I think that our students succeed despite their education, not because of it.

After decades of research in the fields of cognitive psychology and neuroscience we can be confident of one thing…we can do better. If I look at what a modern health system needs – creative problem solvers, innovative leaders, collaborative team players, critical thinkers – it seems evident that these are exactly the characteristics that our current programmes cannot provide. Our legacy systems are broken, outdated and unfit for the purpose of graduating clinicians with the attributes necessary to address the complex health needs of people in the the 21st century.

What if we designed a curriculum from scratch using everything that we’ve learned from the research into learning and cognition? What would a curriculum look like if we critically questioned every aspect of it, asking if those components lead effectively towards the achievement of our goals? How would we choose the curriculum configuration if we were not constrained by what the institutional LMS and the timetable required? I wonder what a curriculum might look like if it didn’t have to conform to the requirements of a system that hasn’t changed much in 500 years. I think that that it could be an exciting and inspiring thing of beauty.

As a thought experiment I’m going to write a series of posts looking at the ideas that we simply accept as being fundamental to the curriculum, and then argue for why those are the very things that need to go. In each post I’ll take a future position where we have already implemented the changes that I think are necessary, and then argue for why the changes were made. The series is called altPhysio.

Research is about pushing and extending the boundaries of knowledge in order to create new spaces for practice. But despite all the evidence that change is necessary we continue teaching in much that same way that we always have. We’re creating the conceptual spaces for new and innovative practices in physiotherapy education…it’s time we started occupying them.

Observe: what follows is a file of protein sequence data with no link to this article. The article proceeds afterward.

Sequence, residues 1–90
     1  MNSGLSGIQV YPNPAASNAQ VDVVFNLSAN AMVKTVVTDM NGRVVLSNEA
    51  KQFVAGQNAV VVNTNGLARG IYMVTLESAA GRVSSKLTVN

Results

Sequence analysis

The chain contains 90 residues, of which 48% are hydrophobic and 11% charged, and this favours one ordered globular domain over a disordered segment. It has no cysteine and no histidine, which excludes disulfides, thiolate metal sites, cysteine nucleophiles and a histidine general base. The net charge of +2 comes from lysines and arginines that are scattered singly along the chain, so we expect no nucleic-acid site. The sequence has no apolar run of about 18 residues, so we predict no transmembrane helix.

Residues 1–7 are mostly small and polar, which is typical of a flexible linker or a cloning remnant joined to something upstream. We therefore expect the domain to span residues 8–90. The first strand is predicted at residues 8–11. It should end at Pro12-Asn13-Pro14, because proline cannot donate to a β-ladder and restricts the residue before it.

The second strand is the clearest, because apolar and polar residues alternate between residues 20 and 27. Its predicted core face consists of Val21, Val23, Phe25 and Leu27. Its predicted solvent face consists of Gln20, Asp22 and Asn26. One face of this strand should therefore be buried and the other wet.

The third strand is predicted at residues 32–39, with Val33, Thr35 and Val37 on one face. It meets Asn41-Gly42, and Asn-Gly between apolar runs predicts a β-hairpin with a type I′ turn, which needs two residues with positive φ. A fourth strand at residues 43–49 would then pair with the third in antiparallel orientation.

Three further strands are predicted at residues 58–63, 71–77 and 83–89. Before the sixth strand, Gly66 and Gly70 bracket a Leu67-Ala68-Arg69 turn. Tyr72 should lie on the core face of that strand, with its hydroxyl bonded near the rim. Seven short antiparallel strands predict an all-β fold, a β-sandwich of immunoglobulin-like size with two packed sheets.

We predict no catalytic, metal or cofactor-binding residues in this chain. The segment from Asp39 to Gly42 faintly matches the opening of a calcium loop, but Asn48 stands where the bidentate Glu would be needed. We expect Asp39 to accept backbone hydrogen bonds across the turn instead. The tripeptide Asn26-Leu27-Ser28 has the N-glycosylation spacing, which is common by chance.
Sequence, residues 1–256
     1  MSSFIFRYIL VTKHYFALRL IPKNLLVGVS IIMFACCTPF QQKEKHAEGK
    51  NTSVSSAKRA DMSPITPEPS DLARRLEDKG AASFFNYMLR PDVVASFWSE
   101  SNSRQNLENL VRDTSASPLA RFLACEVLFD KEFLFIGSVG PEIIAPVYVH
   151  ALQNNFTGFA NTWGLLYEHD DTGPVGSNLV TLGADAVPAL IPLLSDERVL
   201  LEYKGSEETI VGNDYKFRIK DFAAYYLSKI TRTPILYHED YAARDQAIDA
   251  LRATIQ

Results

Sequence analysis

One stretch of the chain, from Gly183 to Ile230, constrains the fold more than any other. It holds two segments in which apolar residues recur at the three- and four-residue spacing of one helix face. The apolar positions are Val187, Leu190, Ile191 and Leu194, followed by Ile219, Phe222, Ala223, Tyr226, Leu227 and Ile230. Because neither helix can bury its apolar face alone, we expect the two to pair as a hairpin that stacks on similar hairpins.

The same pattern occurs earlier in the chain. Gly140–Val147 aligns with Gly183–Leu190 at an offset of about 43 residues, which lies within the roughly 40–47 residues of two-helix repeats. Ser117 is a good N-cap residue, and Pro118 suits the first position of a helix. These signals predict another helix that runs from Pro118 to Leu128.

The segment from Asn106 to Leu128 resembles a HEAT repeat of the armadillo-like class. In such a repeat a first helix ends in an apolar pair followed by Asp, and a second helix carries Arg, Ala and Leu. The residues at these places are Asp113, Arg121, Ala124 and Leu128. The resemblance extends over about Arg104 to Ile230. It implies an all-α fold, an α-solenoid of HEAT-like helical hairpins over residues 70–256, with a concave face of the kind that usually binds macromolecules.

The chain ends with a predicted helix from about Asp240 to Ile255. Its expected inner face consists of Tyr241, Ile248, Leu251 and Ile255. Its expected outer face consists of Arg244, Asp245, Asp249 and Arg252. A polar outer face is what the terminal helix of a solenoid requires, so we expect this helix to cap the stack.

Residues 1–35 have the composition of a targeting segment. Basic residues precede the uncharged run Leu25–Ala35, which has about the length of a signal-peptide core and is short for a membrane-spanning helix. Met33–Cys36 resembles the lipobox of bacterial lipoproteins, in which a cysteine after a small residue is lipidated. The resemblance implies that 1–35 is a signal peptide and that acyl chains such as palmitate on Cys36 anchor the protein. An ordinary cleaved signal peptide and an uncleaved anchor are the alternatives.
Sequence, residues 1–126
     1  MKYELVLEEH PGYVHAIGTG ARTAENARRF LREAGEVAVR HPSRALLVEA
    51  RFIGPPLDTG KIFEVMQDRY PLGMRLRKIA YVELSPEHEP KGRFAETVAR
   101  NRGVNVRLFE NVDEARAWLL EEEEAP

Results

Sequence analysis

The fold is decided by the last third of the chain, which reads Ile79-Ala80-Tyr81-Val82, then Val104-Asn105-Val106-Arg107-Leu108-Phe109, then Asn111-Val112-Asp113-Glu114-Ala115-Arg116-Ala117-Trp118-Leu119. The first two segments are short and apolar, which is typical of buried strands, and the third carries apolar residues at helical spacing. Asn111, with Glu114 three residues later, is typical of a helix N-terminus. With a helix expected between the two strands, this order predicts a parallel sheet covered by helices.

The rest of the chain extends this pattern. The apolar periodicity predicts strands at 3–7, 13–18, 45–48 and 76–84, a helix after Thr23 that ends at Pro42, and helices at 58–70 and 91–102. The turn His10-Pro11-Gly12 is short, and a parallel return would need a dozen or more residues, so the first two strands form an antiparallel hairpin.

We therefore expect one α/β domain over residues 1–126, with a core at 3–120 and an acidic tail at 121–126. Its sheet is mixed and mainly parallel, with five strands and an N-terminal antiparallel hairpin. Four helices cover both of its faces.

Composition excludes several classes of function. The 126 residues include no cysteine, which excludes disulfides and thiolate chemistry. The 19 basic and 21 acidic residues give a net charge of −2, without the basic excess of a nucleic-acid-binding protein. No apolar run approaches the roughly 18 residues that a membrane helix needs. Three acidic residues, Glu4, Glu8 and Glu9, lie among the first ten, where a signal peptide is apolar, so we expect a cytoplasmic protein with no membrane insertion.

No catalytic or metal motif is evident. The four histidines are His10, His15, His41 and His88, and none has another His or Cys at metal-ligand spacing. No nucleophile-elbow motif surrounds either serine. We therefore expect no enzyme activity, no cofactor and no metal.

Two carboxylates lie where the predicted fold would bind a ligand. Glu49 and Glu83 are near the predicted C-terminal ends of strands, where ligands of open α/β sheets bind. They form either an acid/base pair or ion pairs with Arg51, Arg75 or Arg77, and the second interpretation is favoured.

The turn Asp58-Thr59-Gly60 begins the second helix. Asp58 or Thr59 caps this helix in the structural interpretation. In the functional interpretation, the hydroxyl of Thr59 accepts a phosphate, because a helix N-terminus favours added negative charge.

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PHT402: Empathy and professional practice

This is my first post for the #pht402 professional ethics course that I’m participating in for the next few weeks. The topic for the first week is to explore personal objectives related to empathy and professional practice in the health care context.

384002I’ve been teaching the Professional Ethics course at UWC for five years and have always found it to be both deeply stimulating and deeply unsatisfactory. It’s stimulating because the classroom conversation around morally ambiguous situations is challenging and invigorating. I love seeing the different ways that students think about and respond to ethical dilemmas. However, I was always disturbed when the same students who could tell me about the SASP Code of Conduct and the HPCSA ethical rules of conduct were unknowingly unethical in their treatment of patients. I realised that knowing about ethics was different to being ethical.

As I delved into the problem I became increasingly interested in the concept of empathy and it’s role in both patient care and student learning and have recently begun to explore it in more detail. It turns out that “the roots of morality are to be found in empathy“, conveyed nicely in the quote that Lauren used at the start of her post this week:

When you think like this, when you choose to broaden your ambit of concern and empathise with the plight of others, whether they are close friends or distant strangers; it becomes harder not to act; harder not to help.

I think that this is the crux of what it means to care in the context of health care. To really come to an understanding of what the other person is experiencing. I think that some of these ideas come out really nicely in the conversation happening in the comments on Chantelle’s blog. I can’t imagine a more distressing situation than a mother who is worried about her child. How do you connect with someone who is going through something that you haven’t? How do you say to them, “I understand”, when you don’t? Chantelle talks about the value of human connection and I have to agree with her completely. You can have all the knowledge and skills in the world but if you can’t connect to other human beings, you’re going to be a pretty mediocre physiotherapist.

My own interest in the role of empathy is less about patient contact and more about my interactions with students. As much as I know (and research has shown) that having an emotional connection to your learning is essential, most students have the same challenges as Umr does when it comes to “sharing”. However, even though moving into these personal spaces is difficult, I believe that it is only through developing relationships between people that human beings can truly flourish. As Marna suggests in her post, if you’re oblivious to this patient’s life beyond your doors, it’s unlikely that you’ll make any progress with them. I also believe, as Charde has learned for herself, that connecting with patients goes beyond the simply technical “compliance” rationale and helps to develop a sense of professionalism and deeper, more meaningful engagement with others.